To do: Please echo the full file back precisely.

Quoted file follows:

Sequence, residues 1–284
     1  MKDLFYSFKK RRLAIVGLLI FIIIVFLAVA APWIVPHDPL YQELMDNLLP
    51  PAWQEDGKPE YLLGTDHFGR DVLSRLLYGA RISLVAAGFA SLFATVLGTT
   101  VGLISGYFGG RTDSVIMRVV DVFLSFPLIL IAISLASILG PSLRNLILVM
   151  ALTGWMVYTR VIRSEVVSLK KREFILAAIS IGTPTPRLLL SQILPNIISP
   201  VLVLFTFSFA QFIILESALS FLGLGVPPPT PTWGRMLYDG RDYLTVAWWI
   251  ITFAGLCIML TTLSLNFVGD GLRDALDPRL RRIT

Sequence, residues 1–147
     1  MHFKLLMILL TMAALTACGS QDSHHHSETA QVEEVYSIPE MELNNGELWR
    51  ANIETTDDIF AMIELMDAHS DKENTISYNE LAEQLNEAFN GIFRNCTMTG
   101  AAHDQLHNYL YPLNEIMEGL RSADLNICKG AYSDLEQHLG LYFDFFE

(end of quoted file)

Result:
Sequence, residues 1–284
     1  MKDLFYSFKK RRLAIVGLLI FIIIVFLAVA APWIVPHDPL YQELMDNLLP
    51  PAWQEDGKPE YLLGTDHFGR DVLSRLLYGA RISLVAAGFA SLFATVLGTT
   101  VGLISGYFGG RTDSVIMRVV DVFLSFPLIL IAISLASILG PSLRNLILVM
   151  ALTGWMVYTR VIRSEVVSLK KREFILAAIS IGTPTPRLLL SQILPNIISP
   201  VLVLFTFSFA QFIILESALS FLGLGVPPPT PTWGRMLYDG RDYLTVAWWI
   251  ITFAGLCIML TTLSLNFVGD GLRDALDPRL RRIT

Sequence, residues 1–147
     1  MHFKLLMILL TMAALTACGS QDSHHHSETA QVEEVYSIPE MELNNGELWR
    51  ANIETTDDIF AMIELMDAHS DKENTISYNE LAEQLNEAFN GIFRNCTMTG
   101  AAHDQLHNYL YPLNEIMEGL RSADLNICKG AYSDLEQHLG LYFDFFE